Pre BEA, Carlie Webber at Librarilly Blonde received a review copy of Catching Fire.
As did Monica Edinger at Educating Alice.
As did Cindy and Lynn.
And Professor Nana (Teri Lesesne). (Yes, the Goddess of YA Literature has been blogging about YA literature since October 2004. And writing books like Naked Reading: Uncovering What Tweens Need to Become Lifelong Readers. In terms of online, everyone pales in comparison to Jen Hubert of Reading Rants, who has been writing online about YA books for a YA audience since 1998. Yes, you got that right. She is The Original YA Blogger (even tho back then it was not blogger technology) and one of the few book bloggers to turn her online content into a book, Reading Rants: A Guide to Books That Rock!.)
Given their roles within the industry, as reviewers and the like, I understood why Carlie, Monica, Cindy, Lynn, and Teri received ARCs in the mail. And I did not. As I told Carlie, jealous in a good way.
It's interesting how, for each of their online reviews at their blogs, the personal experience of reading the book enters into the picture. If someone would ask me, "what is the difference between a 'professional' review and on online 'review'" I would point this out and note that when reviews appear in Kirkus, SLJ, Voya, Booklist we won't see that personal note. That, and wordcount. Among other things.
Publishers Weekly posted an article about the pre-BEA buzz at Catching Fire Catches Fire.
BEA had copies available; I can attest to the fact that no, you didn't have to arrive super early on Friday to get a copy. Mine is now in a UPS box, making its way to the Jersey Shore.
There is no doubt that Scholastic's marketing campaign to create buzz is working. The buzz, she is here. Collecting Children's Books examines the marketing scheme in greater detail, as well as the "hunger" for ARCS, even though as we all know - the ARC is not the final book. If you still don't believe me, after all I've posted here, go, write it down an 100 times and then come back to talk to me. And CCB has an intriguing idea for what to do to promote the third book's ARC...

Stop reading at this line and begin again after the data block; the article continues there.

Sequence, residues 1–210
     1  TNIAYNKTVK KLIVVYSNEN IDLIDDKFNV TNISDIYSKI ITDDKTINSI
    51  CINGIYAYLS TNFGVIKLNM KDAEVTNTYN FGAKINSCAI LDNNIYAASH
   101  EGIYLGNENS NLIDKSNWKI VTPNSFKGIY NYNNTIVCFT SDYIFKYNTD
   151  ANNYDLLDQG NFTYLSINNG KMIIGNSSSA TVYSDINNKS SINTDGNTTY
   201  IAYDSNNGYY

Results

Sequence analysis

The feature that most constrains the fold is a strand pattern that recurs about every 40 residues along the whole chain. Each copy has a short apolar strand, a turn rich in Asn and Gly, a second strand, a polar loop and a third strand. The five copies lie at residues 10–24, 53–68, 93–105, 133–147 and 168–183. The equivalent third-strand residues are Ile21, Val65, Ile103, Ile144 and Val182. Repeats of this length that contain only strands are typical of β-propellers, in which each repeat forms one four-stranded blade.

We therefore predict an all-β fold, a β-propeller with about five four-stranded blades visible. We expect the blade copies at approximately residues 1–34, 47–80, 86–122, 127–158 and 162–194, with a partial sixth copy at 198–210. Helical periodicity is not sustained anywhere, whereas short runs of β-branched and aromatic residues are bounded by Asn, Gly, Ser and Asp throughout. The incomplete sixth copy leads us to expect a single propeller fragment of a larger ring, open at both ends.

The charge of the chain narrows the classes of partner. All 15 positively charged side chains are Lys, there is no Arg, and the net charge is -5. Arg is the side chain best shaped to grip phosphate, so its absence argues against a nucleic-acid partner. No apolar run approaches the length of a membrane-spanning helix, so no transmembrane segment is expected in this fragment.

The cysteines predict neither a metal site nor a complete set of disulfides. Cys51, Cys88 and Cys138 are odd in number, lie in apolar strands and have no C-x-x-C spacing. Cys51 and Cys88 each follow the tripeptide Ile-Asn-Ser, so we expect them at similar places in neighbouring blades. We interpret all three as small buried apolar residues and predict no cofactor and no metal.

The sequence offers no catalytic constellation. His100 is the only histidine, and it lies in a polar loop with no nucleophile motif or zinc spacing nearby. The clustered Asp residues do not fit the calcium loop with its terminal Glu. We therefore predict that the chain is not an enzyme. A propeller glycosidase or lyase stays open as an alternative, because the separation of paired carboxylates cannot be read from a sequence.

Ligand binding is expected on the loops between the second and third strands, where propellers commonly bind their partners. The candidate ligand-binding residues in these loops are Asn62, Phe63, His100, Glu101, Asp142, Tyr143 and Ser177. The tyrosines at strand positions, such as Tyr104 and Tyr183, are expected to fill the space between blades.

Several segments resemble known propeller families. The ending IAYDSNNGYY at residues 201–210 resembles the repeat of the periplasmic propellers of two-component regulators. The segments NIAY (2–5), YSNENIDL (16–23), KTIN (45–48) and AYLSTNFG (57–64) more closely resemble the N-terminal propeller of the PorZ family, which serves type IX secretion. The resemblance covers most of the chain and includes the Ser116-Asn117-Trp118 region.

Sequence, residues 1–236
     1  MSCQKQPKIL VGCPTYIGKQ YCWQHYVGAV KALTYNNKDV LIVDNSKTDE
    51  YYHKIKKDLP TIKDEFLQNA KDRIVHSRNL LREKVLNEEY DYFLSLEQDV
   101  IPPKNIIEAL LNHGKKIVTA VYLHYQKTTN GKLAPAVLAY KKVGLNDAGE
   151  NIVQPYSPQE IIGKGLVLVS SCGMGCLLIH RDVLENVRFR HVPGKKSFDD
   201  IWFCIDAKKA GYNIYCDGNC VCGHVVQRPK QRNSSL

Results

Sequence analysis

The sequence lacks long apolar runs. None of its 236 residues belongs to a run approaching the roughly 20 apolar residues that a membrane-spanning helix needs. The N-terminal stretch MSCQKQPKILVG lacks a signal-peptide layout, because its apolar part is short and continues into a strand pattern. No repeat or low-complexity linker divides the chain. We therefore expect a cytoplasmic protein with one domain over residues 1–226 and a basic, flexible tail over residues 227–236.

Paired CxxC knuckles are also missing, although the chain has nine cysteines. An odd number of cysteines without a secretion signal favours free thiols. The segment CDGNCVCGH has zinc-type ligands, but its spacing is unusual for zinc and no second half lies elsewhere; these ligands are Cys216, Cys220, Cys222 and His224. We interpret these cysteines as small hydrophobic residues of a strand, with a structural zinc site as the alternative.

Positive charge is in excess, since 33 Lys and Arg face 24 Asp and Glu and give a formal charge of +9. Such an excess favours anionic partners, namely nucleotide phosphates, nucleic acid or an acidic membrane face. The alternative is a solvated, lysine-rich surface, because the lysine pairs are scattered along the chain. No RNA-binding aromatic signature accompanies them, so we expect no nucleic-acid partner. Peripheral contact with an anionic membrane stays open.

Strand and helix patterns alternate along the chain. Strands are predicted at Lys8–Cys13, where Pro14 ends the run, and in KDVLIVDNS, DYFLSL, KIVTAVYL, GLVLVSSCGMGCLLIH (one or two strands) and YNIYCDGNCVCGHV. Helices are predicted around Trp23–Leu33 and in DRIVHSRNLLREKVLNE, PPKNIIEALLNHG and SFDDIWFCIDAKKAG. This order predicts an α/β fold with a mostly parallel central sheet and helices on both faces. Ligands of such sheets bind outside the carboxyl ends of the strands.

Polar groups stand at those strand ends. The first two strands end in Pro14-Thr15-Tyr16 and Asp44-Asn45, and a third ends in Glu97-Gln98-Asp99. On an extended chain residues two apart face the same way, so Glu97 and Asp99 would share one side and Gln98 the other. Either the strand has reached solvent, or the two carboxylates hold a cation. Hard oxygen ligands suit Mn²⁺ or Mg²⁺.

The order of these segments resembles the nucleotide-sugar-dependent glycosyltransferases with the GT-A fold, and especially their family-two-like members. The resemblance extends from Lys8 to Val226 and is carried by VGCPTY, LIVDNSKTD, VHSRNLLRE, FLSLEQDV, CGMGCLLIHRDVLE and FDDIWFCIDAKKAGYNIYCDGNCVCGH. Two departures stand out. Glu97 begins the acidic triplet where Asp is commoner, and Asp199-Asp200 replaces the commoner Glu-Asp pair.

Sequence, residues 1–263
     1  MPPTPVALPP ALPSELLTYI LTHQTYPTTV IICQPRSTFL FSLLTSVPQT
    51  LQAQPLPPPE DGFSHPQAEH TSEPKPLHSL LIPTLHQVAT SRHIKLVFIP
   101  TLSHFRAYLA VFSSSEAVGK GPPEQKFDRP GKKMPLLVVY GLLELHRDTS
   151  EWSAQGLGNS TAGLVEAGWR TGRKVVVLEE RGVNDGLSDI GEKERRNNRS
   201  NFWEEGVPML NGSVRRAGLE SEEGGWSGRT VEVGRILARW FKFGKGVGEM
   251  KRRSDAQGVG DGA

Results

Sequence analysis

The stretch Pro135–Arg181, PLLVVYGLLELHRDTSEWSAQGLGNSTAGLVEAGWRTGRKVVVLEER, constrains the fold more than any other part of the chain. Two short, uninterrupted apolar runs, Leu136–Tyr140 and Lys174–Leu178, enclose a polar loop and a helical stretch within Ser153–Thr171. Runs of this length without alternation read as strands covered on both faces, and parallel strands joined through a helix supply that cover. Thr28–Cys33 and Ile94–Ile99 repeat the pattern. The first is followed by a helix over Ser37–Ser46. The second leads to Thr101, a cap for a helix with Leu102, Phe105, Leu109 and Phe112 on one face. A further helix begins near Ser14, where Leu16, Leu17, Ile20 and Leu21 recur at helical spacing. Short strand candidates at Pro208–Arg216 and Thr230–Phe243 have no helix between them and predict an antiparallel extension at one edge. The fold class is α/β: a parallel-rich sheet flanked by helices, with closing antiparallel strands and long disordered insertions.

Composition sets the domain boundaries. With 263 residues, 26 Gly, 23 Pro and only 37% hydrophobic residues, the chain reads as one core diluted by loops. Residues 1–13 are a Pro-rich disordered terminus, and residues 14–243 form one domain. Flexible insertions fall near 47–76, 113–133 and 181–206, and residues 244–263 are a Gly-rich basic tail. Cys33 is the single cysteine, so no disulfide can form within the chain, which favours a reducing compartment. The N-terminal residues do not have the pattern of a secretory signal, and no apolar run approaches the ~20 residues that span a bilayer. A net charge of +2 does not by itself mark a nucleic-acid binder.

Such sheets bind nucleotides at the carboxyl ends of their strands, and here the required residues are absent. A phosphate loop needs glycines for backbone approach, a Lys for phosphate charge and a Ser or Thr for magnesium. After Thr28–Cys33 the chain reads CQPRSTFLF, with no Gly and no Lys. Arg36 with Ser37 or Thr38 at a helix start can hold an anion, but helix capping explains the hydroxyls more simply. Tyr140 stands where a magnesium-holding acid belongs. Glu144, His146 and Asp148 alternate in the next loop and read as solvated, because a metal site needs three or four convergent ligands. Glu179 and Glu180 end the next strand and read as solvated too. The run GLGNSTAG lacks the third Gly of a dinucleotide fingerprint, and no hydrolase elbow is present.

Apparently, people are selling their copies vie Ebay. Ebay itself says the item is hardcover and the final book. Liars. Prices are from $15 to $75. Some note it's not the hardcover in their seller notes, but c'mon, people. Calling this a true first edition? With the note to the general public of "Read the sequel to Collin's The Hunger Games 4 months before everyone else!"? Really, you should say "read the sequel with typos, errors, and possible changes in content before everyone else reads the final, polished, revised, edited version!"
The problem with using ARCs to create buzz is that Scholastic loses control. Does anyone here think that Scholastic gave you that ARC at BEA, along with the pin, for you to turn around and sell it on ebay? Really. And, as the ARC goes from those who know what an ARC is to those who think its just a paperback copy of the hardcover, exactly the same, only earlier and free, the readers will think that the ARC is indeed the hardcover. And let's not even get into who is going to be the first who thinks a "review" of this book is a "play by play plot description with spoilers" and posts it.
Me? I'm betting that with the huge buzz for this book, combined with the movie, adding the appearance of ARCs for sale and being treated as final copies, and the possibility of pre-September spoilers, we end up with no ARCs after this one, like Harry Potter (Scholastic's other baby) and Percy Jackson.
© Elizabeth Burns of A Chair, A Fireplace & A Tea Cozy
Because I love iambic tetrameter : Poem 126 by Emily Dickinson The brain is wider than the sky, For, put them side by side, The one...
At the end of this post is a round up to my previous, often lengthy explanations of what an ARC is (and isn't) and why an ARC isn't ...